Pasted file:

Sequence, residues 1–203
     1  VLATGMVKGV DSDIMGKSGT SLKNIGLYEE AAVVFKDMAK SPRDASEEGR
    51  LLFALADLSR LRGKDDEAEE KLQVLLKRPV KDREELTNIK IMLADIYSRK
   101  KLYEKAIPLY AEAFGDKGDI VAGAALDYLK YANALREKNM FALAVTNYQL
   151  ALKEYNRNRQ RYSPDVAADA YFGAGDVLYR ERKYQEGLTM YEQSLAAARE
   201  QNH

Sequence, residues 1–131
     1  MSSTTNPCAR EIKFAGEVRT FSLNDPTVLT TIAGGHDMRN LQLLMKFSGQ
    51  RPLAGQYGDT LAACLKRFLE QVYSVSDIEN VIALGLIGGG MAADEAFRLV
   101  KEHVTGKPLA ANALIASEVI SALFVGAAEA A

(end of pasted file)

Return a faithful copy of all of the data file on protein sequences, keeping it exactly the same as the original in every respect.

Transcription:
Sequence, residues 1–203
     1  VLATGMVKGV DSDIMGKSGT SLKNIGLYEE AAVVFKDMAK SPRDASEEGR
    51  LLFALADLSR LRGKDDEAEE KLQVLLKRPV KDREELTNIK IMLADIYSRK
   101  KLYEKAIPLY AEAFGDKGDI VAGAALDYLK YANALREKNM FALAVTNYQL
   151  ALKEYNRNRQ RYSPDVAADA YFGAGDVLYR ERKYQEGLTM YEQSLAAARE
   201  QNH

Sequence, residues 1–131
     1  MSSTTNPCAR EIKFAGEVRT FSLNDPTVLT TIAGGHDMRN LQLLMKFSGQ
    51  RPLAGQYGDT LAACLKRFLE QVYSVSDIEN VIALGLIGGG MAADEAFRLV
   101  KEHVTGKPLA ANALIASEVI SALFVGAAEA A